We are allowing the isssues of what we use fossils for, i.e. transport, home heat, industry to escape notice. Who buys those carbon credits?
Comment by Brad Blake on May 20, 2014 at 12:48pm

Opponents of useless and destructive wind projects have, for years, experienced more and more people agreeing that wind power development is not good for Maine whenever the proper context is included.  These questions posed by FMM via a highly respected polling firm prove that when the question gets context rather than agree/disagree that wind power is good, the tactic used by the wind industry to show support, support for wind power quickly erodes.   The more people become aware of the plethora of negatives and misinformation they have been fed for years, the more people become opposed to destruction of Maine's uplands for the folly of wind power.  That is also why there is far more opposition to wind power in the rural parts of the state where residents are assaulted by wind power development compared to urban/suburban areas of the state where it is so simplistic to embrace something that is not a threatening presence.  Let's hope that awareness of these poll questions & results will get more people to do their research about wind power development in Maine.


Maine as Third World Country:

CMP Transmission Rate Skyrockets 19.6% Due to Wind Power


Click here to read how the Maine ratepayer has been sold down the river by the Angus King cabal.

Maine Center For Public Interest Reporting – Three Part Series: A CRITICAL LOOK AT MAINE’S WIND ACT


(excerpts) From Part 1 – On Maine’s Wind Law “Once the committee passed the wind energy bill on to the full House and Senate, lawmakers there didn’t even debate it. They passed it unanimously and with no discussion. House Majority Leader Hannah Pingree, a Democrat from North Haven, says legislators probably didn’t know how many turbines would be constructed in Maine if the law’s goals were met." . – Maine Center for Public Interest Reporting, August 2010 Part 2 – On Wind and Oil Yet using wind energy doesn’t lower dependence on imported foreign oil. That’s because the majority of imported oil in Maine is used for heating and transportation. And switching our dependence from foreign oil to Maine-produced electricity isn’t likely to happen very soon, says Bartlett. “Right now, people can’t switch to electric cars and heating – if they did, we’d be in trouble.” So was one of the fundamental premises of the task force false, or at least misleading?" Part 3 – On Wind-Required New Transmission Lines Finally, the building of enormous, high-voltage transmission lines that the regional electricity system operator says are required to move substantial amounts of wind power to markets south of Maine was never even discussed by the task force – an omission that Mills said will come to haunt the state.“If you try to put 2,500 or 3,000 megawatts in northern or eastern Maine – oh, my god, try to build the transmission!” said Mills. “It’s not just the towers, it’s the lines – that’s when I begin to think that the goal is a little farfetched.”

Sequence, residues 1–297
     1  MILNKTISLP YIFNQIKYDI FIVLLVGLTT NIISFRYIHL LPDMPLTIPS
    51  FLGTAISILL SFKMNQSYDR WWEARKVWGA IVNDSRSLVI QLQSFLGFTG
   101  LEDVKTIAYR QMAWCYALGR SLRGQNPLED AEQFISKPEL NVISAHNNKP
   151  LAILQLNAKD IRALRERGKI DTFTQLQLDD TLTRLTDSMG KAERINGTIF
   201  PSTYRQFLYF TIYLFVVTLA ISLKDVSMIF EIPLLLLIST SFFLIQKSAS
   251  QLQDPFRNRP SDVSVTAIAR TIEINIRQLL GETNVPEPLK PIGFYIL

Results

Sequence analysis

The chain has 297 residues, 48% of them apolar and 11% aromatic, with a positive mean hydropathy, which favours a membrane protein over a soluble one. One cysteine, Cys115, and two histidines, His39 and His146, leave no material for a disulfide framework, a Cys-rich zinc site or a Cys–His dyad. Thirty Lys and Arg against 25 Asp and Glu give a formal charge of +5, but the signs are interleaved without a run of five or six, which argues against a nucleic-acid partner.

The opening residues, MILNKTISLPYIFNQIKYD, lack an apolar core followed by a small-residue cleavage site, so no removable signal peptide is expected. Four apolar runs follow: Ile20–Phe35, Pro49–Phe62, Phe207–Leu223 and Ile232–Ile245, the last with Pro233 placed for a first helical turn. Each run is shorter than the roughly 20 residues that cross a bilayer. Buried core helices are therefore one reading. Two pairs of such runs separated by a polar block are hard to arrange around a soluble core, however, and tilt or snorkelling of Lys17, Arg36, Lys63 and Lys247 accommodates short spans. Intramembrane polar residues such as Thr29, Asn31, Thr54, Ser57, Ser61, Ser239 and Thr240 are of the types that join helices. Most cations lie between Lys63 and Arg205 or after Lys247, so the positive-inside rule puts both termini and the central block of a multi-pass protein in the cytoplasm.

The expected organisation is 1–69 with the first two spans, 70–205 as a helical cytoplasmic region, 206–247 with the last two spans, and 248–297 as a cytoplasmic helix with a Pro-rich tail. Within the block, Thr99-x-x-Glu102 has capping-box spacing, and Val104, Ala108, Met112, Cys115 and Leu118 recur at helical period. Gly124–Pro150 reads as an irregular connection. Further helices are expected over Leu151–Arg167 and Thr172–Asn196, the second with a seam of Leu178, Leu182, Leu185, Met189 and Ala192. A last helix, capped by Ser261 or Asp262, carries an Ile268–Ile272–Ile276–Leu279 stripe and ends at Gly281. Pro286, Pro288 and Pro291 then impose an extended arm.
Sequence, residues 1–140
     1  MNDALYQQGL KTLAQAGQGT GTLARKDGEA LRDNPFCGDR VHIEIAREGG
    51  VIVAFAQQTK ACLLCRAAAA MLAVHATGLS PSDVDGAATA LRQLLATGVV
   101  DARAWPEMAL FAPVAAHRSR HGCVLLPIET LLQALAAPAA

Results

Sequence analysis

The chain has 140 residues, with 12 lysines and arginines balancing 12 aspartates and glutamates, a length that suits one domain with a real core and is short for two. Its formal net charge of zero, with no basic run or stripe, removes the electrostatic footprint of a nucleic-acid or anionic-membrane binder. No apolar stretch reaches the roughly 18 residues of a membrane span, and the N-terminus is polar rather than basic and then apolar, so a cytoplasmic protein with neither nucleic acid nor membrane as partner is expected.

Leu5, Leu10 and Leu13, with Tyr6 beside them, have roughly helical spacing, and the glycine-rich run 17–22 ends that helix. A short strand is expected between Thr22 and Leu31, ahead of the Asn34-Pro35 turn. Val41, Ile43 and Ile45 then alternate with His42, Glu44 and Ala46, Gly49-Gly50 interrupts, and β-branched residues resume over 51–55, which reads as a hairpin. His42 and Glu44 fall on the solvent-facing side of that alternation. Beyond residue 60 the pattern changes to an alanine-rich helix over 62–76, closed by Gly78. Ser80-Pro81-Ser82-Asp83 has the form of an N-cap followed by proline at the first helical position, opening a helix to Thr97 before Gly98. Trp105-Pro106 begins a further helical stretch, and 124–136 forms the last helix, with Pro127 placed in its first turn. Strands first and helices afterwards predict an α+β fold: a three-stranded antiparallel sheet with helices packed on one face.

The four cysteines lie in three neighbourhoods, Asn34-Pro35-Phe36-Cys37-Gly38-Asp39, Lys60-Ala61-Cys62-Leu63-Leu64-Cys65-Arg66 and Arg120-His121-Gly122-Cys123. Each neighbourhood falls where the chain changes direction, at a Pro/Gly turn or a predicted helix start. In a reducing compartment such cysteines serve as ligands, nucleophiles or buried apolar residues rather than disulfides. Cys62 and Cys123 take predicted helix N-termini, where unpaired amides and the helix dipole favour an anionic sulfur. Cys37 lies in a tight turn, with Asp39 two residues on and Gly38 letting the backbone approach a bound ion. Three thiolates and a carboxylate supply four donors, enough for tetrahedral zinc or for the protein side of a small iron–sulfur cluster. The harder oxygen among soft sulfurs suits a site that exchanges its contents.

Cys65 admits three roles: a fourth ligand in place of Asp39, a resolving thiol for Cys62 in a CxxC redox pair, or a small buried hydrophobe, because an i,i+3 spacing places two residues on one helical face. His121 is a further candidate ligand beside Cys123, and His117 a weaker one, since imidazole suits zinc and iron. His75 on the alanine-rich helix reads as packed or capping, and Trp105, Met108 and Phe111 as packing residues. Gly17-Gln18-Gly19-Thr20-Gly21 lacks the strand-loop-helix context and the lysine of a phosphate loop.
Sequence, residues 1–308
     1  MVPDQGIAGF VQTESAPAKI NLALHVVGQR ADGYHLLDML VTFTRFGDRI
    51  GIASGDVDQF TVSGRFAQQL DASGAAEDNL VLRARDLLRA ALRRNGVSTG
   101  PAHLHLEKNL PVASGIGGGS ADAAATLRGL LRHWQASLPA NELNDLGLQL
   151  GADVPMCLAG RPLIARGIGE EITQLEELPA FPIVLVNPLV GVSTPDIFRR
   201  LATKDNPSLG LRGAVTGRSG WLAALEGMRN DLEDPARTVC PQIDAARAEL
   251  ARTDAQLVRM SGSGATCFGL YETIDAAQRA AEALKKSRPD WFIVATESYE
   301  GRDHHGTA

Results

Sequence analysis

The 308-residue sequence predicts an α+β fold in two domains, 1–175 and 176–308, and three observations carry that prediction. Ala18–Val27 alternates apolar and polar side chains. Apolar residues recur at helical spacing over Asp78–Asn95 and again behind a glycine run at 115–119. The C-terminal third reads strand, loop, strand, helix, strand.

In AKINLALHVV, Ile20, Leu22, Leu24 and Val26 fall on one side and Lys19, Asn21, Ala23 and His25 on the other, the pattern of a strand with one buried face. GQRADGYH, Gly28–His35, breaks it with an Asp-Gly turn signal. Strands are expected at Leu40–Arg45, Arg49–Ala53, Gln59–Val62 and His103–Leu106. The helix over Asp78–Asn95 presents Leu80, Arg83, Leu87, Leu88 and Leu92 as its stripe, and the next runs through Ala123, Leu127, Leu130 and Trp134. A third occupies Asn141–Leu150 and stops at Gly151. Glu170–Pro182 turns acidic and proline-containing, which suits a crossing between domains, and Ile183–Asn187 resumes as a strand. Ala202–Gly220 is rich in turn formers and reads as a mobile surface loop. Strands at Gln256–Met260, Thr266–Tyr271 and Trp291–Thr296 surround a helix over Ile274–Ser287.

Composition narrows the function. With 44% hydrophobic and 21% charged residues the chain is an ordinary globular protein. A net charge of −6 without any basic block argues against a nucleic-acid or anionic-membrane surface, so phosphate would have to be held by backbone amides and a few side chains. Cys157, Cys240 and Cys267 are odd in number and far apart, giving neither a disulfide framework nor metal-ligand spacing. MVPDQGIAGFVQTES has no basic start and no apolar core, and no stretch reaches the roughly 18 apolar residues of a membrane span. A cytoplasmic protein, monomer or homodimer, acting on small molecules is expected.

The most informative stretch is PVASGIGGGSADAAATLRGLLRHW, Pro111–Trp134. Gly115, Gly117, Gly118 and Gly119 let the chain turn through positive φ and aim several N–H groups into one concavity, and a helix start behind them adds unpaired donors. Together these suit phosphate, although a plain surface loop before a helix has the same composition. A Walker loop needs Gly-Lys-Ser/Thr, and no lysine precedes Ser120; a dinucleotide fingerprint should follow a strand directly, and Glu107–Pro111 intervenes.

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Hannah Pingree on the Maine expedited wind law

Hannah Pingree - Director of Maine's Office of Innovation and the Future

"Once the committee passed the wind energy bill on to the full House and Senate, lawmakers there didn’t even debate it. They passed it unanimously and with no discussion. House Majority Leader Hannah Pingree, a Democrat from North Haven, says legislators probably didn’t know how many turbines would be constructed in Maine."